Forming an LLC Utah State, or a limited liability company in Utah, is a popular choice among many business entities, including companies that invest in real estate. This is no surprise given that Utah is one of the tax-friendliest states with some of the best regulatory requirements for LLCs. Combined with the benefit of not being personally liable for a company's debts and losses, LLCs offer great advantages for business owners. To create an LLC, you'll need to choose a name, pick a registered agent, file the certificate of organization, create an operating agreement, and get an EIN.

Choosing a Name for Your LLC

The name you choose for your LLC should be well suited to your future business ventures and easily searchable by your current and potential clients. The name should contain the abbreviation “L.L.C.,” “LLC,” or the words “Limited Liability Company.” Words like “bank,” “attorney,” or “university” require additional paperwork, and you may need a licensed, qualified person like a doctor or a lawyer to be part of your LLC. Words that could confuse your LLC with a federal or state agency, like FBI, Secret Service, or Treasury, are prohibited.

You should also make sure that another company doesn't already use your chosen business name. Perform a name search on the State of Utah website and reserve your domain name. Even if you don't plan to build a website today, you can keep others from using your business's name as a domain. Your LLC's name should be easily distinguishable from other LLCs.

You can reserve a name for up to 120 days by filing a name reservation application with the Division of Corporations online or by mail along with a $22 filing fee. You must include:

  • The name you want to reserve
  • A detailed description of the type of business and the use of the name
  • The applicant's information
  • A dated signature

Picking a Registered Agent

A business or person that sends and receives legal papers for your LLC (including service of process of legal action if a claim is filed against you) and state filings is known as a registered agent. Every LLC in Utah must nominate a registered agent. The registered agent can either be a Utah resident or a corporation authorized to conduct business in the state of Utah. You can elect yourself, another person within your company, or a separate company.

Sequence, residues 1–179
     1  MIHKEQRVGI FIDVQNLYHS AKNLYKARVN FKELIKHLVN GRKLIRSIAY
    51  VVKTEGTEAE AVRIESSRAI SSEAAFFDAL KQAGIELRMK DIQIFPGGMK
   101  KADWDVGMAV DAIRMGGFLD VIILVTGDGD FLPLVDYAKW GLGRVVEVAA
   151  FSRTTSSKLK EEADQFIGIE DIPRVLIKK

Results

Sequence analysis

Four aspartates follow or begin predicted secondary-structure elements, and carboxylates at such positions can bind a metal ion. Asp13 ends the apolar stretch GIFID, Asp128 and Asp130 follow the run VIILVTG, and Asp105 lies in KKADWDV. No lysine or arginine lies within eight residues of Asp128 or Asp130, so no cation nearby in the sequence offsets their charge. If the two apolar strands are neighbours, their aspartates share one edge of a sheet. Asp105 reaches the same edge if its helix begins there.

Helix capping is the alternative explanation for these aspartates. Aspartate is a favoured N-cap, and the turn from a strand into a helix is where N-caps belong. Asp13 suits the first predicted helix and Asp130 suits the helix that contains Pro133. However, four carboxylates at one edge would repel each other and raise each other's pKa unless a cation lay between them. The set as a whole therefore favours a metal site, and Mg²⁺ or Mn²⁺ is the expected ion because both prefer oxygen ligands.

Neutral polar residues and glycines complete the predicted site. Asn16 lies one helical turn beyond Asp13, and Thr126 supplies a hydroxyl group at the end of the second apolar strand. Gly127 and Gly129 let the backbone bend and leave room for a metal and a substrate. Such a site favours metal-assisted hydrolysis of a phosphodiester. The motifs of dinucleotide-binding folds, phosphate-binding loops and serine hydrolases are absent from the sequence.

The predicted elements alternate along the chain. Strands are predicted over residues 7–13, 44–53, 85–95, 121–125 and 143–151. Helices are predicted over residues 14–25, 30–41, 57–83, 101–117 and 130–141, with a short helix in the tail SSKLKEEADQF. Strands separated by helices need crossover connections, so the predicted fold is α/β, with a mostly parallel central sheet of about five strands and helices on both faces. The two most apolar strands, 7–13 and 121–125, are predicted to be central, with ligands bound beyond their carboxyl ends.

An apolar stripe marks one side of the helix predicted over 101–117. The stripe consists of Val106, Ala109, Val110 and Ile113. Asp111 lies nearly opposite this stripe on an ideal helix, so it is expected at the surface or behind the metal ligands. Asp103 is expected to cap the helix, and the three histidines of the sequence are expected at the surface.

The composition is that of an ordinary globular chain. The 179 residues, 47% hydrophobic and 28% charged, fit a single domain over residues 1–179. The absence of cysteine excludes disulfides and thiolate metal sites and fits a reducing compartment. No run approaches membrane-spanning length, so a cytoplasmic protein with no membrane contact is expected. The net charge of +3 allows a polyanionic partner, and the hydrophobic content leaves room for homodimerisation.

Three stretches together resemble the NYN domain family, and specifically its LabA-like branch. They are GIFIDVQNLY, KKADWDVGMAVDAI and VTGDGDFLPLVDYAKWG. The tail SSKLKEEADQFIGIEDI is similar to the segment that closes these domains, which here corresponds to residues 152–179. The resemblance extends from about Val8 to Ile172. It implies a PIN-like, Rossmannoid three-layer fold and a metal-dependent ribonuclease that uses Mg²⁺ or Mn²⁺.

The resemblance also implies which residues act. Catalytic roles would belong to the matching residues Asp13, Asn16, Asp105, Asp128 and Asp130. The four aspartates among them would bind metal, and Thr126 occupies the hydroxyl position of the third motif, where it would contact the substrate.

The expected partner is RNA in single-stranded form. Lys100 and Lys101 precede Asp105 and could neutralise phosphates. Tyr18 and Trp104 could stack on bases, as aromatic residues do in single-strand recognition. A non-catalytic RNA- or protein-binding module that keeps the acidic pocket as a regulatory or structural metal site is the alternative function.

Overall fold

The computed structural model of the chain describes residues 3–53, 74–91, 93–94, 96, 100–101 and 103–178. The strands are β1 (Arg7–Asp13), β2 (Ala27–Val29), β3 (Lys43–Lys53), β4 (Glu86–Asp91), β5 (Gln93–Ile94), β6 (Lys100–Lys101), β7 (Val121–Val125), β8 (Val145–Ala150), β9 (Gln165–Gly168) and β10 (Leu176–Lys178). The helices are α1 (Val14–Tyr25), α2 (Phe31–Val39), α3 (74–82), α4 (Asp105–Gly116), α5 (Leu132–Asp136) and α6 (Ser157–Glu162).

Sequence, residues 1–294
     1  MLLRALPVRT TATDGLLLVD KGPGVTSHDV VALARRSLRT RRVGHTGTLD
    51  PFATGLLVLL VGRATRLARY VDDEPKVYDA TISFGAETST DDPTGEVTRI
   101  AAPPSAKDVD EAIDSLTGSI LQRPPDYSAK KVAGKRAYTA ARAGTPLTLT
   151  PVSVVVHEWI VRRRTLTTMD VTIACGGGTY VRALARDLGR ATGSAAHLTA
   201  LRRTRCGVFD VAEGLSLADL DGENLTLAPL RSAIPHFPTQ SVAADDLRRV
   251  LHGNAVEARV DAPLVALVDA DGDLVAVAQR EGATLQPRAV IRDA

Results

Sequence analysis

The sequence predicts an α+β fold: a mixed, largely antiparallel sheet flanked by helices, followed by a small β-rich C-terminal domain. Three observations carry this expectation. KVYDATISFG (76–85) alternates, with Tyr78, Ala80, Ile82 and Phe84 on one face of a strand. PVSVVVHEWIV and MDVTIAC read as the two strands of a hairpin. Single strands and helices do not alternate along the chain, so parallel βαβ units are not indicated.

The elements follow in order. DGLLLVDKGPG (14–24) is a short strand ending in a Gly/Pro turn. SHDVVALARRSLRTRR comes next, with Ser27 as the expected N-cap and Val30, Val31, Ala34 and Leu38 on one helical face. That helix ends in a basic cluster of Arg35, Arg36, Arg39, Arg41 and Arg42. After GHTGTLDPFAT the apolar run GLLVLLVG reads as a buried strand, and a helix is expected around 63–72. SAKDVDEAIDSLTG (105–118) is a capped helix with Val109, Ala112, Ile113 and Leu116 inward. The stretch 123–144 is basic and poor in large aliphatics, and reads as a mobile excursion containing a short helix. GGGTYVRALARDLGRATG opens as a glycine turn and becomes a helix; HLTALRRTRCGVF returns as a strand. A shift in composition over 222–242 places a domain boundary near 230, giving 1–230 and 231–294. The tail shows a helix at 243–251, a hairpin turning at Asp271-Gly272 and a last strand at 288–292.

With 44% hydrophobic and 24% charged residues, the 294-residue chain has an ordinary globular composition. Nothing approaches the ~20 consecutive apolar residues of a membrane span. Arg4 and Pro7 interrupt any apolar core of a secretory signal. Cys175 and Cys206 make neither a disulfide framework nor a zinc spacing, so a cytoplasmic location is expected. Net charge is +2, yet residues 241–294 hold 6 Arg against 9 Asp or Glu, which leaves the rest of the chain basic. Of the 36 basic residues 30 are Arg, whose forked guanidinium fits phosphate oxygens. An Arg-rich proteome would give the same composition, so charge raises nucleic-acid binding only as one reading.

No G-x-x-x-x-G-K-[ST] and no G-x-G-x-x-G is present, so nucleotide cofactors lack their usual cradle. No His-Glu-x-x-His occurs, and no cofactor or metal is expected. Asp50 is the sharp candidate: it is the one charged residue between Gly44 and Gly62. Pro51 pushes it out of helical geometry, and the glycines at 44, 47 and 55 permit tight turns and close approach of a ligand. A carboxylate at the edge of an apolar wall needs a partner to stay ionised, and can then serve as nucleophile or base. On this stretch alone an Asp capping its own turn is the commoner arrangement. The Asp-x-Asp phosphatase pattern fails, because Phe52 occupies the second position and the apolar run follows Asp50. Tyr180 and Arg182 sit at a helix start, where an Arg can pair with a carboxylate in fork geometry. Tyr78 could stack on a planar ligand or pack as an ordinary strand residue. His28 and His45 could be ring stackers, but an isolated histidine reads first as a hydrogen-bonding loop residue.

Filing the Certificate of Organization

To register your LLC, you'll need to file the Certificate of Formation with the State of Utah. You should also decide whether your LLC will be run by its members or managers. A nonrefundable fee of $70 is required with the filing. Expedited services are available for an additional $75 fee. Registrants should file Articles of Organization with the Division of Corporations online or by mail. The articles must include:

  • The name of the LLC
  • The purpose of your business
  • Your registered agent's name and address
  • The type of management, either member-managed or manager-managed
  • The organizer's name, address, and dated signature

The Division of Corporations usually takes seven to 10 business days to process documents. Filing online only takes about 24 hours, but it can be complicated.

Creating an Operating Agreement

In Utah, an operating agreement isn't required, but creating one is a good idea. It's a legal document that outlines the operating procedures and ownership of your LLC. If your LLC has more than one member, you should also have a limited liability operating agreement among the members. Utah recognizes limited liability company operating agreements as governing documents, and you don't need to file them with the Articles of Organization.

What is an EIN?

The Employer Identification Number or EIN, also called the Federal Tax Identification Number, is like a social security number for your business. It identifies your company, and it's required when filing state and federal taxes. Also, many banks may ask for an EIN when opening a business checking account. The IRS will assign an EIN to the business owner. You can get it online or by printing and mailing the correct forms. When forming a one-member LLC, you'll only need an EIN if you have employees or if your business is taxed as a corporation rather than a sole proprietorship.

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